Researchers at MIT have developed a system that helps solve a longstanding problem in wireless communication – how to send data directly from a submarine to a plane or drone.
“Today, underwater sensors cannot share data with those on land, as both use different wireless signals that only work in their respective mediums. Radio signals that travel through air die very rapidly in water,” explained MIT, in a statement. “Acoustic signals, or sonar, sent by underwater devices mostly reflect off the surface without ever breaking through. This causes inefficiencies and other issues for a variety of applications, such as ocean exploration and submarine-to-plane communication.”
MIT Media Lab scientists detail their research in a paper being presented this week at the SIGCOMM conference in Budapest, Hungary. The researchers have used an underwater transmitter that directs a sonar signal to the water’s surface, which causes tiny vibrations corresponding to the “1s and 0s” transmitted in binary data. “Above the surface, a highly sensitive receiver reads these minute disturbances and decodes the sonar signal,” they explain, in a statement.
The Media Lab aims to promote "the unconventional mixing and matching of seemingly disparate research areas."
Although the system, dubbed Translational Acoustic-RF Communication (TARF), is still in its relative infancy, it could have potential for both the military and ocean research.
“Using the system, military submarines, for instance, wouldn’t need to surface to communicate with airplanes, compromising their location,” explains MIT. “And underwater drones that monitor marine life wouldn’t need to constantly resurface from deep dives to send data to researchers.”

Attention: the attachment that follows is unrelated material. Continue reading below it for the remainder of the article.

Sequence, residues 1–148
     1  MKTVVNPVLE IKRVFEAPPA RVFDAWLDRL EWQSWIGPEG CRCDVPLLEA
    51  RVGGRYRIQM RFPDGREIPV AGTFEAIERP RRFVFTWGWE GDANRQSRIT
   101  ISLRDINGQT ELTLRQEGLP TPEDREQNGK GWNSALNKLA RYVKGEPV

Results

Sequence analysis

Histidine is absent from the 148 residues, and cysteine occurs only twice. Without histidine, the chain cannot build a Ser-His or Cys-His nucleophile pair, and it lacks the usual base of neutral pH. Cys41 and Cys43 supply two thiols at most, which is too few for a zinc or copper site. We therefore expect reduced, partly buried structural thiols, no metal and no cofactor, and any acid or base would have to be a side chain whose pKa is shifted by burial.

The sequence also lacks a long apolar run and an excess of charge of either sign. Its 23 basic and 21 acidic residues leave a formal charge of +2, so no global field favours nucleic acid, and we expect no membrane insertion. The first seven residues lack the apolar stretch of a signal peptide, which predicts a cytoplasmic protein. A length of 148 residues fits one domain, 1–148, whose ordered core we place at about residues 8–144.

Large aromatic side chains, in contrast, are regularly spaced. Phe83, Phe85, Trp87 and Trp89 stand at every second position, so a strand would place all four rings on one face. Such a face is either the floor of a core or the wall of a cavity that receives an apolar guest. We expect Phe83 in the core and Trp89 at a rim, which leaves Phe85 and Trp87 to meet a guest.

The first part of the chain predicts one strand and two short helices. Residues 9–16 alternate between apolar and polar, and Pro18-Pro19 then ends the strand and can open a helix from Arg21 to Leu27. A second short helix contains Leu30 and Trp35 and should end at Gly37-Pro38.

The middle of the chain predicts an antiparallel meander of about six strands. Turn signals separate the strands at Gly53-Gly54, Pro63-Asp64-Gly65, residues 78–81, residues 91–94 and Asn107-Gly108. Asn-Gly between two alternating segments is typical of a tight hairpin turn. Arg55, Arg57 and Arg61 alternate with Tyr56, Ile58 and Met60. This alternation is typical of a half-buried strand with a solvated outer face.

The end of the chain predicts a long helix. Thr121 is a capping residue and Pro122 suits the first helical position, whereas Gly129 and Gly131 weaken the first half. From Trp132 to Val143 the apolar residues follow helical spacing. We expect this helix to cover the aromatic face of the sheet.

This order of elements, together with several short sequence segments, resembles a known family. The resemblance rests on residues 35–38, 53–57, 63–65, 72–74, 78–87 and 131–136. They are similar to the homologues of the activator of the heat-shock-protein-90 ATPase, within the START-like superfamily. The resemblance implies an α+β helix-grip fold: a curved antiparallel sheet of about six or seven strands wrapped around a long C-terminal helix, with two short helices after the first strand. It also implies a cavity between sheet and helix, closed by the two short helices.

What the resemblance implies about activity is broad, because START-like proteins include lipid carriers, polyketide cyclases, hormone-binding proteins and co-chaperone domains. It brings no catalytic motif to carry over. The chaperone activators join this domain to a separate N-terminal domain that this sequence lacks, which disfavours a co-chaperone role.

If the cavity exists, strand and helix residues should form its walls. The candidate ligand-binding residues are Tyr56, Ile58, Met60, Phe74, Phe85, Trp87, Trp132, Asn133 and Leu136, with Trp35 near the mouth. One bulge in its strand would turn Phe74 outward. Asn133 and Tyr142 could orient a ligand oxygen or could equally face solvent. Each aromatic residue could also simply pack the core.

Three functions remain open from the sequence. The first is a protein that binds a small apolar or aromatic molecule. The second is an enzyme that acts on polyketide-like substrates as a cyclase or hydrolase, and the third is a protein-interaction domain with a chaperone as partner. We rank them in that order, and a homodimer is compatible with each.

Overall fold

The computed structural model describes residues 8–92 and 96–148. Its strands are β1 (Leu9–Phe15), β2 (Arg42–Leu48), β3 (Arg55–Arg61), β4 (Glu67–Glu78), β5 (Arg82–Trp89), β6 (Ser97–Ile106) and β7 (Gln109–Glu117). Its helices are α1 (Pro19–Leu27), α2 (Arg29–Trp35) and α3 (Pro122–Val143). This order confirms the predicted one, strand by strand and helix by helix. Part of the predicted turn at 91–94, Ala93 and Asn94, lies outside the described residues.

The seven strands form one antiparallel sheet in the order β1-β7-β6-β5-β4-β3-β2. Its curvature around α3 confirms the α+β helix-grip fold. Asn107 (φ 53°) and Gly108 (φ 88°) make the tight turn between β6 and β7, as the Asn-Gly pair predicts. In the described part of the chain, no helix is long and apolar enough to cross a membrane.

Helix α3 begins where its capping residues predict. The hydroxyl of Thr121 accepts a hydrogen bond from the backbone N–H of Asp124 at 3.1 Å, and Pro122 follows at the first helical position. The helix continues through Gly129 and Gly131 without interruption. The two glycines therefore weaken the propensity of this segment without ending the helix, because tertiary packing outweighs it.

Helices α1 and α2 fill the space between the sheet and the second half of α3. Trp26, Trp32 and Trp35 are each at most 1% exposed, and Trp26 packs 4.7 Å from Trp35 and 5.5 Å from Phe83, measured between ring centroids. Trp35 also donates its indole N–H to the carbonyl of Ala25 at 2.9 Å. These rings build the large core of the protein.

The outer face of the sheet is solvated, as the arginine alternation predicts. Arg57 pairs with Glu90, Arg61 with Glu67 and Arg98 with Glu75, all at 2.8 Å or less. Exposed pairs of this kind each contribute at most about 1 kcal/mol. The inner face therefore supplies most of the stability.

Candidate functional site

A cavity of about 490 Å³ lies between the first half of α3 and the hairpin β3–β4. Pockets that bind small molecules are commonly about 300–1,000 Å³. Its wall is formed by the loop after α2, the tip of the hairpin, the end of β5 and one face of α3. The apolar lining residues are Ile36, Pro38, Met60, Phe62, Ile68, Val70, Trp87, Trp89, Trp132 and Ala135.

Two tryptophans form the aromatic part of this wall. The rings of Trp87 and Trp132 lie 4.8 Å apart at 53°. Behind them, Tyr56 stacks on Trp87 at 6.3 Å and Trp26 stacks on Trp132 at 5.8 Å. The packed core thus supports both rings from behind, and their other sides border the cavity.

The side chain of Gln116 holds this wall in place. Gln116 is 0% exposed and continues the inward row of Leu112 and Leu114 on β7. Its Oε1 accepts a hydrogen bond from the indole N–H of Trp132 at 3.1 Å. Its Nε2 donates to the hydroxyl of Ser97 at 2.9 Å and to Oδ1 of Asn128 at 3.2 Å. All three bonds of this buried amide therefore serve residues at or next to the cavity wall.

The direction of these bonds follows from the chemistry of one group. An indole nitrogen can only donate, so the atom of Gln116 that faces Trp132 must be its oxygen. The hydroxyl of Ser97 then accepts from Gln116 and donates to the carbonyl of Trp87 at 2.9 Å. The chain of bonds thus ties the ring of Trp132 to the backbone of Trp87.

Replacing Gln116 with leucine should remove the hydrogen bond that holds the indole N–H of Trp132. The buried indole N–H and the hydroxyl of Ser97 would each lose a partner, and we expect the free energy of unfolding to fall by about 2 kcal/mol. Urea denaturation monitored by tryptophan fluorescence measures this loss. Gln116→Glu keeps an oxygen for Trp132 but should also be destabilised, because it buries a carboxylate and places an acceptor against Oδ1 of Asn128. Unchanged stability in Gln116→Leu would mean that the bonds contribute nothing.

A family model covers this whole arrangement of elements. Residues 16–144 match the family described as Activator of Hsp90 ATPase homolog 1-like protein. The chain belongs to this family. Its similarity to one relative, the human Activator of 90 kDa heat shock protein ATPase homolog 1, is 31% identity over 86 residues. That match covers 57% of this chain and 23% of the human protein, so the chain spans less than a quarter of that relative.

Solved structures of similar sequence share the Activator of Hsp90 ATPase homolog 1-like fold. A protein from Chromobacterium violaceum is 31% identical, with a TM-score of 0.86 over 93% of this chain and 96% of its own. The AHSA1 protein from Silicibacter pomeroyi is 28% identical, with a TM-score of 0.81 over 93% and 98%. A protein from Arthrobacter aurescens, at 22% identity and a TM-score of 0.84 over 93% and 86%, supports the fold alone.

There are drawbacks to current systems used to deal with the underwater communication problem. Buoys, for example, have been designed to pick up sonar waves, process the data, and shoot radio signals to airborne receivers, according to MIT. The buoys, however, can drift away and get lost and large numbers are required to cover large areas.
The system could also help in the search for planes that go missing at sea. “Acoustic transmitting beacons can be implemented in, say, a plane’s black box,” said Fadel Adib, an assistant professor in the MIT Media Lab, who is leading this research. “If it transmits a signal every once in a while, you’d be able to use the system to pick up that signal.”
The disappearance of Malaysia Airlines Flight 370 more than four years ago has thrust a spotlight on technologies that could potentially help with aircraft tracking and the location of undersea crash sites.
Adib co-authored the paper with MIT graduate student Francesco Tonolini. The research was supported, in part, by the National Science Foundation.
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